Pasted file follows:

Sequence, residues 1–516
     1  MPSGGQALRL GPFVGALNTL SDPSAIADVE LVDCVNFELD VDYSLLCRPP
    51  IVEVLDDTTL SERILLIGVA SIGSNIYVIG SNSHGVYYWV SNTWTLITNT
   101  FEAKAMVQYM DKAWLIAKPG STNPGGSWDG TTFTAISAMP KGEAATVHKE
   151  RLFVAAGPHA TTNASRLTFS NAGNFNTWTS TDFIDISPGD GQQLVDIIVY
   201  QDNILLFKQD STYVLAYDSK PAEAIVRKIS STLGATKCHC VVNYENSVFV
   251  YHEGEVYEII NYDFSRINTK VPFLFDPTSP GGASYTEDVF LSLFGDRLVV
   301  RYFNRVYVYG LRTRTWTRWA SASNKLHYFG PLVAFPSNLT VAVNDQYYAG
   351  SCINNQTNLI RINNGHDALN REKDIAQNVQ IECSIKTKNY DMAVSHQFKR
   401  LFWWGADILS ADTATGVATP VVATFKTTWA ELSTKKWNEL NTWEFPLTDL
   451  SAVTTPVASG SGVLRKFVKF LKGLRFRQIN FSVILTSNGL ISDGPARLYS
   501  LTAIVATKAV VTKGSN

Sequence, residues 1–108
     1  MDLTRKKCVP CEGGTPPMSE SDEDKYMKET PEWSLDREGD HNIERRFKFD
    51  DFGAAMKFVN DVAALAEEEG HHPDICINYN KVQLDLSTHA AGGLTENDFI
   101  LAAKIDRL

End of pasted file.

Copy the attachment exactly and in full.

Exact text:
Sequence, residues 1–516
     1  MPSGGQALRL GPFVGALNTL SDPSAIADVE LVDCVNFELD VDYSLLCRPP
    51  IVEVLDDTTL SERILLIGVA SIGSNIYVIG SNSHGVYYWV SNTWTLITNT
   101  FEAKAMVQYM DKAWLIAKPG STNPGGSWDG TTFTAISAMP KGEAATVHKE
   151  RLFVAAGPHA TTNASRLTFS NAGNFNTWTS TDFIDISPGD GQQLVDIIVY
   201  QDNILLFKQD STYVLAYDSK PAEAIVRKIS STLGATKCHC VVNYENSVFV
   251  YHEGEVYEII NYDFSRINTK VPFLFDPTSP GGASYTEDVF LSLFGDRLVV
   301  RYFNRVYVYG LRTRTWTRWA SASNKLHYFG PLVAFPSNLT VAVNDQYYAG
   351  SCINNQTNLI RINNGHDALN REKDIAQNVQ IECSIKTKNY DMAVSHQFKR
   401  LFWWGADILS ADTATGVATP VVATFKTTWA ELSTKKWNEL NTWEFPLTDL
   451  SAVTTPVASG SGVLRKFVKF LKGLRFRQIN FSVILTSNGL ISDGPARLYS
   501  LTAIVATKAV VTKGSN

Sequence, residues 1–108
     1  MDLTRKKCVP CEGGTPPMSE SDEDKYMKET PEWSLDREGD HNIERRFKFD
    51  DFGAAMKFVN DVAALAEEEG HHPDICINYN KVQLDLSTHA AGGLTENDFI
   101  LAAKIDRL